Many defibrillation lead systems include a pacing electrode on the distal tip of the catheter, distal to the RV electrode. In this configuration, the distal tip electrode and the RV electrode are sometimes paired for pacing and sensing functions but are electrically isolated for cardioversion and defibrillation. U.S. Pat. No. 4,603,705 to Speicher et al. describes such a lead. On the other hand, a separate ring electrode may be provided to be paired with the pacing tip electrode. U.S. Pat. No. 5,209,229 to Gilli describes an atrial J and a ventricular endocardial lead, each including tip and ring pacing electrodes and a braid cardioverting electrode.
U.S. Pat. No. 5,243,980 to Mehra, which is assigned to Medtronic, Inc., Minneapolis, Minn., discloses a lead system including a lead for use in the coronary sinus (CS) having two ring electrodes located for positioning within the atrium and intended for use in sensing and stimulating the atrium. According to an article by Bardy et al., entitled "Implantable Transvenous Cardioverter-Defibrillators," in Circulation, April 1993, vol. 87, no. 4, pp. 1152-1168, in five out of fifty patients (10%) receiving a CS lead provided by Medtronic, Inc., the lead dislodged; in three of the five patients, the CS leads would not stay in position despite reapplication. While this dislodgment rate may reflect the early phase of the physician learning curve, or the infancy of the lead design, it is much higher than the lead dislodgment rate of dual-chamber pacemakers (1-4%, as stated in the same article), which typically have one electrode in the right ventricle and one in the right atrium.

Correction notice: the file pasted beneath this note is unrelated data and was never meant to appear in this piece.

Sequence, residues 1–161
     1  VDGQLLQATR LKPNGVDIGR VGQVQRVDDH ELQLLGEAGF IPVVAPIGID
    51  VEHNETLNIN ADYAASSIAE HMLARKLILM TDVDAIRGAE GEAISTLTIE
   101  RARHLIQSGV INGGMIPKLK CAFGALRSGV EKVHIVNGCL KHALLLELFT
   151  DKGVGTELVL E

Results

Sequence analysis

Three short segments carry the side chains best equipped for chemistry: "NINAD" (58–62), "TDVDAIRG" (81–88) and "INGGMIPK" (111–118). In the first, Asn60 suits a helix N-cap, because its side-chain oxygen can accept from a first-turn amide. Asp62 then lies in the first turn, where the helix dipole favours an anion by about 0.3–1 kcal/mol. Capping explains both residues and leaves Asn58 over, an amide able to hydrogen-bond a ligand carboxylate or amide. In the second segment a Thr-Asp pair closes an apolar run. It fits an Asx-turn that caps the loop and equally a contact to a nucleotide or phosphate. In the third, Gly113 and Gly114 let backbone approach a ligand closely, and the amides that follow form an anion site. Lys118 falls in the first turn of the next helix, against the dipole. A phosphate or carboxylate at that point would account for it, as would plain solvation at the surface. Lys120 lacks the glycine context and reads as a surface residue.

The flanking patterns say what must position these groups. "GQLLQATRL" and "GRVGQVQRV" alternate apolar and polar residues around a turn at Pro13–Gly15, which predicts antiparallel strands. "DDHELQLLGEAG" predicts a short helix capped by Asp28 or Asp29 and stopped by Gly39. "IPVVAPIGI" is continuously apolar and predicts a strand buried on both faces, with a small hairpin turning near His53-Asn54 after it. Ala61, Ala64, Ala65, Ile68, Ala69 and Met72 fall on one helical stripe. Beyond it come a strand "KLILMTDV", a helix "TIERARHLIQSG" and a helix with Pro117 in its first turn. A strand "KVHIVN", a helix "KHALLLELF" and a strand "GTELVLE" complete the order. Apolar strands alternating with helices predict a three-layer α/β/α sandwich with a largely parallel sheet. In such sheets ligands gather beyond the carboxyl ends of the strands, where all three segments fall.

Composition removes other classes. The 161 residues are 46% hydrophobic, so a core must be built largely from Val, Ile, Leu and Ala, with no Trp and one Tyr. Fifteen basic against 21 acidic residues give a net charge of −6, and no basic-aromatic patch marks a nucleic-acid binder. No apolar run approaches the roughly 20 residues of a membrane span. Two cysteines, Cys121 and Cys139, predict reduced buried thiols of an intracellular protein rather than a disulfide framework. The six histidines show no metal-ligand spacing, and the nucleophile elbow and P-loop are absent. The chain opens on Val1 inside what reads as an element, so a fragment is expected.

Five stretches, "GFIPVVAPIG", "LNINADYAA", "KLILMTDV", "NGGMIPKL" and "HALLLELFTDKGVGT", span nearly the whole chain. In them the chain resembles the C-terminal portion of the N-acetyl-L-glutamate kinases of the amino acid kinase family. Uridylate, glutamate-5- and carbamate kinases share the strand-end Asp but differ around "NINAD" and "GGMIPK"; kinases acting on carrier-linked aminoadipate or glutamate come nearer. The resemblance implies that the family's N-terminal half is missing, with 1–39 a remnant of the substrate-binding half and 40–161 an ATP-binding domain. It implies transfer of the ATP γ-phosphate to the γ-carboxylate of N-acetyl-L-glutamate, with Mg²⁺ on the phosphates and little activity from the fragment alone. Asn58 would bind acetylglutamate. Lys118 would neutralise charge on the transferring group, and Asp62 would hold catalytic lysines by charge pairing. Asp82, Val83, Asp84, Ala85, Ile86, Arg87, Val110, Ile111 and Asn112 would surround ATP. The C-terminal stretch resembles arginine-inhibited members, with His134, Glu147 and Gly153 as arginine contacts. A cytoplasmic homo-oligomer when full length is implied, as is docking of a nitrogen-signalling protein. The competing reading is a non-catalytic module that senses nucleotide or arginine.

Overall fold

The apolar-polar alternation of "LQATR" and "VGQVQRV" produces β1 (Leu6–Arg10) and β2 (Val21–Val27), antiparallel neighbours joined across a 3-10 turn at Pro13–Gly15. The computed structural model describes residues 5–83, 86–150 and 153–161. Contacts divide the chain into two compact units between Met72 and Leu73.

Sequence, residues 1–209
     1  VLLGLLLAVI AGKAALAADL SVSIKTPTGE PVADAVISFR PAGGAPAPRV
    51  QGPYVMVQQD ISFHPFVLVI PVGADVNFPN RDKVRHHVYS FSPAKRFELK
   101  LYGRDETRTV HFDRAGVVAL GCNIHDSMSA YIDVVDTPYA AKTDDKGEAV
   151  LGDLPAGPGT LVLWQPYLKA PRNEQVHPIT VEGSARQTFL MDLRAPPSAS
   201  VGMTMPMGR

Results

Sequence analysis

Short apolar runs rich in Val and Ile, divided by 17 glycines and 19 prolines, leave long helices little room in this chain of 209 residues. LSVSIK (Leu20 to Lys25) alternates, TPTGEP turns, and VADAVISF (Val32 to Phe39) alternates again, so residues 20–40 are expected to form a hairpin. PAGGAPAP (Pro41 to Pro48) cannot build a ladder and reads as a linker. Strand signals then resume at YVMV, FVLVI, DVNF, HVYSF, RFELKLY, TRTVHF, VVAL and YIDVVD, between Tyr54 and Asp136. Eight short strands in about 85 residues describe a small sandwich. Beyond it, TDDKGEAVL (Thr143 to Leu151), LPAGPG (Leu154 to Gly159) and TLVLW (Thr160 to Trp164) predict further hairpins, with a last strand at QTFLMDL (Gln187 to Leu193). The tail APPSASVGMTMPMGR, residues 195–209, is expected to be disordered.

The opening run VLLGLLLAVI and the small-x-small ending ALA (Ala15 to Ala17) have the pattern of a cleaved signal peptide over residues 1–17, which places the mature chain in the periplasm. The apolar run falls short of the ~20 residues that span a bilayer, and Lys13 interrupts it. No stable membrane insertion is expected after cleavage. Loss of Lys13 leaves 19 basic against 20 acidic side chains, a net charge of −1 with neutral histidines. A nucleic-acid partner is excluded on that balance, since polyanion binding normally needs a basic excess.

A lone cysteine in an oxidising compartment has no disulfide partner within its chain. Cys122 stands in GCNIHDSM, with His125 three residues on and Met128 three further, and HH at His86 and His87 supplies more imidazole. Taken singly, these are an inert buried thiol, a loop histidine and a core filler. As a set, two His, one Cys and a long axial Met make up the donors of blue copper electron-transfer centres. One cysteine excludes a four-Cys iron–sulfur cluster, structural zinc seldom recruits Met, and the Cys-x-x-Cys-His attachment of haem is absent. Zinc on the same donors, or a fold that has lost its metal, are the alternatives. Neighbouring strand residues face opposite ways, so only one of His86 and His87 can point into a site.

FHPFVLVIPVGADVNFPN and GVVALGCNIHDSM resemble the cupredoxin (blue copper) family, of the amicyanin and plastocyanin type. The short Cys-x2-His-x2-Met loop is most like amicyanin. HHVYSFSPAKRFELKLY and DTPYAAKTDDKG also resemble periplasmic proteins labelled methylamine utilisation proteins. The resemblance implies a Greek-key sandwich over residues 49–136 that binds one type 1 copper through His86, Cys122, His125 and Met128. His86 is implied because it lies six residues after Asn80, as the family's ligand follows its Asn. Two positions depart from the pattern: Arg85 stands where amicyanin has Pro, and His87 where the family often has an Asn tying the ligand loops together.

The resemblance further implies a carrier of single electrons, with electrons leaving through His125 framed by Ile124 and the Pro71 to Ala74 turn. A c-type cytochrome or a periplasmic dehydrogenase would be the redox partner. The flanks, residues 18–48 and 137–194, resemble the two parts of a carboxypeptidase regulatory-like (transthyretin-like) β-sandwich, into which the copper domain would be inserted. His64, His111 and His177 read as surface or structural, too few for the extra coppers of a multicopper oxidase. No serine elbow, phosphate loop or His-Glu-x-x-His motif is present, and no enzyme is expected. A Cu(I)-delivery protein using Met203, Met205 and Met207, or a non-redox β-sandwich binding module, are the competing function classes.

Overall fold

Minimizing the number of leads required by including atrial sensing electrodes on the defibrillator lead would reduce the implantation time and the amount of hardware residing in the patient's veins and heart. Also, especially for leads having silicone rubber insulation, placing a second lead often disturbs the placement of the first, since the lead body of the second lead tends to stick to the lead body of the first and drag it along. The problem is worse as more leads are added. Additionally, implantation is simplified with a straight lead having no branching lead body or electrodes.